By Tim Pietz, a professional writing student at Taylor University
“Critique group” is an intimidating term. No one likes to feel “critiqued,” and sharing art you’ve poured your heart and soul into with people you don’t know very well (yet) can be a little scary.
I’m not denying any of that. But it’s totally worth it.
For over two years now, I’ve been a member of a critique group, and I’ve learned more through that than through any single writing class I’ve ever taken. Here are seven reasons why critique groups are the bomb.
1. It Builds Friendships Between Writers
The “critique” part of critique group only captures part of its purpose. A good critique group is a team. Its goal is to support every member in their writing. You may not know people at first, but when you work together with fellow artists and share your passions with each other, you become friends. And who doesn’t want new friends?
2. It Hones Your Writing
Yes, you will find out the weaknesses in your writing, in your plotting, and in your characters. You will also find out your strengths, your special talents, the things that others most enjoy about your writing. Either way, you will become a better writer by learning from your audience.
3. It Hones Your Editing
There’s a lot of editing jobs out there, and critique groups are great practice. Critiquing in a group helps you cross-examine your editing opinions and find more nuance. It’s really helped me hone my instincts.
But maybe you don’t want to be an editor and you don’t think editing others’ writings will help you much. Think again! Analyzing other authors’ writings will prepare you to be a better self-editor—which gives you a leg-up as an author.
4. It Thickens Your Skin
If you want to publish your writing, you will face rejection. Everyone writes a dud sometimes. What better way to get used to that than with people who care about you and your writing and will criticize constructively?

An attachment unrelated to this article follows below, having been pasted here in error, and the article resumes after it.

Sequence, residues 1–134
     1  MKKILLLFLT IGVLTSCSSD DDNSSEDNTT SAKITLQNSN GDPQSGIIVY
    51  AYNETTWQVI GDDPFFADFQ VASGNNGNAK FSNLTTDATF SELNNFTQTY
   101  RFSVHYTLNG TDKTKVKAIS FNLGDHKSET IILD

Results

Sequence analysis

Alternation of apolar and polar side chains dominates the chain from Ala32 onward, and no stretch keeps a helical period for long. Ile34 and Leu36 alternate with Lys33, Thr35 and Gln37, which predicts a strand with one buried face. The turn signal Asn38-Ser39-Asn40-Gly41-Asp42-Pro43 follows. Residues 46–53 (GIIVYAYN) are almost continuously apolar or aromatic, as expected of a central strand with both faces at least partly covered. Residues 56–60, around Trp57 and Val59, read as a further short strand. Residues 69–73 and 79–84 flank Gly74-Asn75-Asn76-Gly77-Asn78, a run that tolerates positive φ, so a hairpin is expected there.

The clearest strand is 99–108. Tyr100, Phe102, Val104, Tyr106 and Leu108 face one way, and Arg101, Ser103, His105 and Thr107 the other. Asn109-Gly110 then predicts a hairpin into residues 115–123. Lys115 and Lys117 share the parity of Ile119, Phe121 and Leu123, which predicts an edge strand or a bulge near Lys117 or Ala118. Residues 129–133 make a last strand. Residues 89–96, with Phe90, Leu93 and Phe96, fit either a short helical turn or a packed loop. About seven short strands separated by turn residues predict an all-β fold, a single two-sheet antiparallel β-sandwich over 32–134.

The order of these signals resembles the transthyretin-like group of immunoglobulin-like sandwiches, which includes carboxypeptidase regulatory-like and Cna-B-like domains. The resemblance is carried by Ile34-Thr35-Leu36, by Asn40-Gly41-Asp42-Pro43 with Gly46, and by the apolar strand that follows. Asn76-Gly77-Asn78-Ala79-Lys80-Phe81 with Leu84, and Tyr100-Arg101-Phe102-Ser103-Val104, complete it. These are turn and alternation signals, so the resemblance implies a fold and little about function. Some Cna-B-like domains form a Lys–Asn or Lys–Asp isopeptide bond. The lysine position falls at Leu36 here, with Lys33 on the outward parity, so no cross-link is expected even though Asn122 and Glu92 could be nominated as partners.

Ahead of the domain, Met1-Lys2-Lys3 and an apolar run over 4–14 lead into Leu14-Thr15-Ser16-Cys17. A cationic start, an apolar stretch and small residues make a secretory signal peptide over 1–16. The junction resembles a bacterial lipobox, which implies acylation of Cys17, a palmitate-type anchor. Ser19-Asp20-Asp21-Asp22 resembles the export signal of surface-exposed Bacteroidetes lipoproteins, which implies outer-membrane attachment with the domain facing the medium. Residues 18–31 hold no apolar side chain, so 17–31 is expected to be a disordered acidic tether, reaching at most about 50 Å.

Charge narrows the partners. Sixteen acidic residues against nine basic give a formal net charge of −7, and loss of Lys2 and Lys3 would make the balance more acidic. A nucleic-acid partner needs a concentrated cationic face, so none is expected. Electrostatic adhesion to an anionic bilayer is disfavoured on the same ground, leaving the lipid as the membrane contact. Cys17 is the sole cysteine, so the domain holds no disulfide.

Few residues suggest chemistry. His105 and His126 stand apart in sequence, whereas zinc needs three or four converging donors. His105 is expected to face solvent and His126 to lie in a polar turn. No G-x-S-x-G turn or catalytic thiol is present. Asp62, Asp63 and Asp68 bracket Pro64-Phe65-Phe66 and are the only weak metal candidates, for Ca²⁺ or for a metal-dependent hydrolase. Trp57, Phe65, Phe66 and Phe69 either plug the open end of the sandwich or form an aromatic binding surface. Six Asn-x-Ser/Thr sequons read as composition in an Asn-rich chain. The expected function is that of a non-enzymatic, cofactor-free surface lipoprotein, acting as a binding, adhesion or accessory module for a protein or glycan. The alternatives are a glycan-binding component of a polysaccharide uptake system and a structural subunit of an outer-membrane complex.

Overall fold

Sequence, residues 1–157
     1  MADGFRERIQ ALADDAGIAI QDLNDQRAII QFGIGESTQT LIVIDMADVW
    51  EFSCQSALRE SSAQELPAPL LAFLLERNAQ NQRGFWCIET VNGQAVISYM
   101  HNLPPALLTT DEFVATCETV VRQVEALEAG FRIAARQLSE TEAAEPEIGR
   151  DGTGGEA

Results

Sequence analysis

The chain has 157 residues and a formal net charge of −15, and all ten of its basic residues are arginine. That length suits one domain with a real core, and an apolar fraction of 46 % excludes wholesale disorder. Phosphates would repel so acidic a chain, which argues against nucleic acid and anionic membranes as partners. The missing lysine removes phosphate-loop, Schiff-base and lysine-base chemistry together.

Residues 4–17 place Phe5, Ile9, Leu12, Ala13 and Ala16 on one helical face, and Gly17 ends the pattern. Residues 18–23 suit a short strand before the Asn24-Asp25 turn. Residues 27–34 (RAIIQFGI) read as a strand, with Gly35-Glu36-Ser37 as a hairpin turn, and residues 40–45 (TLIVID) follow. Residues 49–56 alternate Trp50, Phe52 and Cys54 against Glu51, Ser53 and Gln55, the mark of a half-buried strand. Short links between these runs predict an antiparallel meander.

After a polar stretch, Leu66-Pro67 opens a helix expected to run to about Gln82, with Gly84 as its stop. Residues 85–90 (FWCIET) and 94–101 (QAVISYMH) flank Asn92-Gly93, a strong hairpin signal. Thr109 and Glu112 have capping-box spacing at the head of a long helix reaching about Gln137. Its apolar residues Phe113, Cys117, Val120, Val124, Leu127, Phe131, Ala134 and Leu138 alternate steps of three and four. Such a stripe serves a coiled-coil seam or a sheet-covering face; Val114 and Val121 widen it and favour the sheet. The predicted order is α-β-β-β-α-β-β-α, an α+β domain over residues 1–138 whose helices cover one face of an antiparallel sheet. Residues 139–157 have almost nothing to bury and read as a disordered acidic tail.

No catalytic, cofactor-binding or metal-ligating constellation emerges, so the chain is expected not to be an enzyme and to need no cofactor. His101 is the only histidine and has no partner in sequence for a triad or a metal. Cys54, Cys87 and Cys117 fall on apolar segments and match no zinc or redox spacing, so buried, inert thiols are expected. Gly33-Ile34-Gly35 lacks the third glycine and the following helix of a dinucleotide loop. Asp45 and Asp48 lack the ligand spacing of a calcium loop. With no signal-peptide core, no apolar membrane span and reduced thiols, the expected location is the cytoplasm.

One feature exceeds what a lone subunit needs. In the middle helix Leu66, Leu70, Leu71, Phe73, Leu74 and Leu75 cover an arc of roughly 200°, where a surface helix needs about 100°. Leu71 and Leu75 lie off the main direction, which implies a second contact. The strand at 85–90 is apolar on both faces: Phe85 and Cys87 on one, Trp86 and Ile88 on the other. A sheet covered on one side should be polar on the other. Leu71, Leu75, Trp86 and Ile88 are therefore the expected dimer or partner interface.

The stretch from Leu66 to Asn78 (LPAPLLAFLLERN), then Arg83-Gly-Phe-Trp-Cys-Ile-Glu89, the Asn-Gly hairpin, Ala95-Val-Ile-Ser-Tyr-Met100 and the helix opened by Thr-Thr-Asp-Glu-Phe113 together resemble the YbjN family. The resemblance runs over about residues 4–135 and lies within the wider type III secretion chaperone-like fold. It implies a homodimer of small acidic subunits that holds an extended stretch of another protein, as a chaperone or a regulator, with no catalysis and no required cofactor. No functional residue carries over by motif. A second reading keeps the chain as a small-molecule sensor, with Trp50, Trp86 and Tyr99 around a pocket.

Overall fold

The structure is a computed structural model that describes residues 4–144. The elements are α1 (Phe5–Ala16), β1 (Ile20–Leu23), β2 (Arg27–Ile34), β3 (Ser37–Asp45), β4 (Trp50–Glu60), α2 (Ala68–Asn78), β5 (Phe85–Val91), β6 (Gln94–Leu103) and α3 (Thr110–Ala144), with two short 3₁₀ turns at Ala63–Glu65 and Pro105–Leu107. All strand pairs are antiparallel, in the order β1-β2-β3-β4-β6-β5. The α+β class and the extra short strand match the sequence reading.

5. It Teaches Editors Tact
The opposite is also true. Editing for friends will teach you to critique honestly, but with kindness. Never underestimate the value of that skill.
6. It Keeps You Writing Consistently
You are a writer. Write! Just because you don’t have a class assignment or a freelancing assignment doesn’t mean you should stop writing—and having several people who expect you to have something written every week or two is excellent accountability.
7. It’s Fun!
Seriously. I remember critique groups as the highlight of my week. I get to talk about stories and joke around with fellow writers and improve my craft at the same time! Does it get any better than that?
And there you have it—friendships, editing skills, writing skills, tact, a thick skin, consistency, and fun—the seven reasons why critique groups are the bomb. Stay tuned for my next post, when I give tips about how to start your own critique group!
In addition to number 3, providing crits to other writers gives you the chance to examine your own writing style. What they do well might be the thing that you need to work on. Listening to the other members of the group critique that same work will give you ideas on how to improve your own style. Nice post.
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Thank you, glad you enjoyed the post! Great point on examining style as well.
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